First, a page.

New Michigan Water Worry Emerges Near Former Air Base

Map of Wurtsmith AFB (U.S. Air Force)
Map of Wurtsmith AFB (U.S. Air Force)

Harmful chemicals spilled from the now-decommissioned Wurtsmith Air Force Base are spreading into groundwater, affecting residential wells and potentially public health in the surrounding Oscoda community, state health officials said.

The Michigan departments of Health and Human Services and Environmental Quality, along with the local health department and U.S. Air Force, will hold a community meeting March 23 in Oscoda to discuss what they know — and don't yet know — with concerned residents.

The contaminants of concern are perfluorinated chemicals, or PFCs. They were used in firefighting foams as part of base firefighter training and fire suppression beginning in 1970. Elevated PFCs have been found both on the former air base and in groundwater beyond its boundaries. The state health department in 2012 issued a "do not eat" advisory for non-migratory fish caught from ponds east of Wurtsmith, and in a 7-mile stretch of the nearby Au Sable River, from Foote Dam downstream.

"Exposure to PFCs can affect what's happening with a person's thyroid (glands) and liver; and it can affect cholesterol in a negative way," said Christina Bush, a toxicologist with the Michigan Department of Health and Human Services' division of environmental health.

But it was not until last year that the state's department of environmental quality and the Air Force began separate, parallel testing of potential contamination of residential water wells. Twenty-four homes with well water east of the base were tested for PFCs. All of the well water samples showed PFC levels, and "nearly all of them have PFC levels higher than what we are seeing in the municipal water system that comes from Lake Huron," Bush said.

However, PFCs are an emerging contaminant. Not much is known about them, or their health effects. The only regulatory standard for them is a provisional health advisory from the U.S. Environmental Protection Agency that sets short-term exposure levels above which the agency believes action (which it does not specify) should be taken, Bush said. None of the well water samples exceed that EPA standard.

But District Health Department No. 2 Health Officer Denise Bryan said she was concerned about the unknown impacts to human health from long-term exposure to elevated PFC levels, even if they don't exceed the EPA short-term standard. Last month, she issued an advisory to the residents whose wells were tested and showed contamination, suggesting that they use alternate water sources for drinking and cooking.

"Some may consider this advisory as alarmist — 'If the EPA says it's acceptable, why is the local health officer calling for an advisory?'" she said. "I think it's just important, with water quality being a major topic today, that we act in a very precautionary way."

Soil in the area around the base is sandy, causing concern that chemical contamination moved quickly through the ground, Bush said.

"We really don't know how long, or to what extent, people may have been exposed," she said.

Even the number of residents affected still is a mystery.

"I don't believe there is a full understanding yet of where the groundwater plume is going, horizontally or vertically," Bush said.

The more-than-4,600-acre former Wurtsmith base began operations as an airfield for military aircraft in 1923. It operated throughout World War II and became a permanent installation in 1951, designated by the Air Force as a fighter-interceptor training base for U.S. Air Defense Command. The base permanently closed in June 1993, as part of a major U.S. military realignment following the conclusion of the Cold War with the Soviet Union. The DEQ and Defense Department have worked on the cleanup of various contaminants ever since.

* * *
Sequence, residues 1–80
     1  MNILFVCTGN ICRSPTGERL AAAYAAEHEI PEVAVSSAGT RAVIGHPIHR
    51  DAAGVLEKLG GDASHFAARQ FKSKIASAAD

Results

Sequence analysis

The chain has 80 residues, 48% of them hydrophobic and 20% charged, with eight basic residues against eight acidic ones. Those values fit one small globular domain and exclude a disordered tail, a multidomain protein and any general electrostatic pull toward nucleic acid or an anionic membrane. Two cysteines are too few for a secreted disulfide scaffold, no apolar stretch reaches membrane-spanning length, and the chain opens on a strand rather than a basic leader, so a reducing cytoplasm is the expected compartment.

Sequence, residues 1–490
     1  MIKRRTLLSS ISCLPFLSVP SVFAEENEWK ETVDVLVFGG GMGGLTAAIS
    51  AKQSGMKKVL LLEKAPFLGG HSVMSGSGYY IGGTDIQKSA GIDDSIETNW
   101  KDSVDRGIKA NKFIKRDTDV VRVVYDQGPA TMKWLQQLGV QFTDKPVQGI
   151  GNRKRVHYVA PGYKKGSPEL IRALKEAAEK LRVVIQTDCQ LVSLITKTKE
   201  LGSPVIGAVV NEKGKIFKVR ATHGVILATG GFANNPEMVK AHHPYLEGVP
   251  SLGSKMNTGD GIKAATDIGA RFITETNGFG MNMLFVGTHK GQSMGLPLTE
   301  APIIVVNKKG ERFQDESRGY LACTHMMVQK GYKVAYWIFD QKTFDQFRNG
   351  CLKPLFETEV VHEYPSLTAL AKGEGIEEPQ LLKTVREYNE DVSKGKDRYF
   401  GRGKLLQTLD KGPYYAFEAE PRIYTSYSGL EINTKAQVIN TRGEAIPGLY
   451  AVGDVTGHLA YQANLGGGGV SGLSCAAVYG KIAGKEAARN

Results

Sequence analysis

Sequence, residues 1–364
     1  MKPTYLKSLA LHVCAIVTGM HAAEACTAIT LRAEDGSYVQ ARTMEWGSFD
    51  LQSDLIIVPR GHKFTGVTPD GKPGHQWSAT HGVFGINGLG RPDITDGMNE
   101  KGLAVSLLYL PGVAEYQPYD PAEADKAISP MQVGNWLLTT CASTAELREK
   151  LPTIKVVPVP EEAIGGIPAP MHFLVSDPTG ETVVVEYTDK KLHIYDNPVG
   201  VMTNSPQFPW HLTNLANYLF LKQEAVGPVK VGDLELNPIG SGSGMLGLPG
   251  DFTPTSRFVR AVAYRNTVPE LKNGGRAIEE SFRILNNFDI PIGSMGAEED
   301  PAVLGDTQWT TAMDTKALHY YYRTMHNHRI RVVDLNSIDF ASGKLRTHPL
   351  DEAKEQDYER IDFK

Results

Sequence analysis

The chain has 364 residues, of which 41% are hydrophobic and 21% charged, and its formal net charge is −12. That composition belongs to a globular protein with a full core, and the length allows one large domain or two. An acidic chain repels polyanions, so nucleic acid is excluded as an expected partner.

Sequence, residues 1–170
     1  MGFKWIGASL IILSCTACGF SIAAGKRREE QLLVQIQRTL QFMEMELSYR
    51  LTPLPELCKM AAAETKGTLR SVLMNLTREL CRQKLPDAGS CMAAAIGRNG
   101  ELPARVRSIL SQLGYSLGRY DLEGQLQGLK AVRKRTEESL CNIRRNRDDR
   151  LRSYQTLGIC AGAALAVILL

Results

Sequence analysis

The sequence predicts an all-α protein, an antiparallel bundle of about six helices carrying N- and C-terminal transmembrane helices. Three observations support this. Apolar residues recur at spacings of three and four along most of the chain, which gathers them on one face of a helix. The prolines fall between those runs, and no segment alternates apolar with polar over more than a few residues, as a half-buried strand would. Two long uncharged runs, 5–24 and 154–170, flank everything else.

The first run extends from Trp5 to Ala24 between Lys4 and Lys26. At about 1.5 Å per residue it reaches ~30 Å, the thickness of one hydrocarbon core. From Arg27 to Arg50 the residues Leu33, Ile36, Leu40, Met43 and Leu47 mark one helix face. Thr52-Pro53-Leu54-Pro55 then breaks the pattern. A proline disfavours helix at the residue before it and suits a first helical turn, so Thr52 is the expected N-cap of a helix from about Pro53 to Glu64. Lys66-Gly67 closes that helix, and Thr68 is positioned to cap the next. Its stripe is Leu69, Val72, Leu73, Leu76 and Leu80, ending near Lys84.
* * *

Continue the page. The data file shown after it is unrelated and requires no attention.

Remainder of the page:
Bob Wagner, chief of the DEQ's Remediation and Redevelopment Division, said his department, in a Feb. 26 letter, asked the Air Force to provide affected residents with water, with no response yet.

"Because we don't exceed a standard, we can't legally compel them to," he said. "We have urged them."

The DEQ does have some things under state law it can mandate that the Air Force do. And the Feb. 26 letter also informed the Air Force of its requirements to continue monitoring the PFCs, determine the extent of the contamination and implement a "sentinel well monitoring system" to keep track of contaminant levels and movements. The DEQ also is requiring that the Air Force assess the effectiveness of its groundwater pumping systems already in place for other contaminants in remediating PFCs, and to "provide a plan for us that provides for a full remedy, knowing that will take some time."

The Air Force had not responded to Free Press inquiries by Wednesday afternoon.

Wagner said he hopes to have the Air Force's response to the DEQ's Feb. 26 letter by the March 23 meeting in Oscoda.

"And I believe the Air Force is participating," he said.

An "open house" featuring officials with the state and local health departments, the DEQ and the Air Force is set from 2 p.m. to 4 p.m. at the Oscoda Methodist Church, 120 W. Dwight Ave., with a community meeting following at 6 p.m.

"I am looking for DEQ and the Department of Defense to quantify the extent of testing and the timeline for their testing," Bryan said. "I think about what I would want if I was a resident in the affected area, and that's proactive plans, transparent information, the ability to get updates and to have input into that which affects me."

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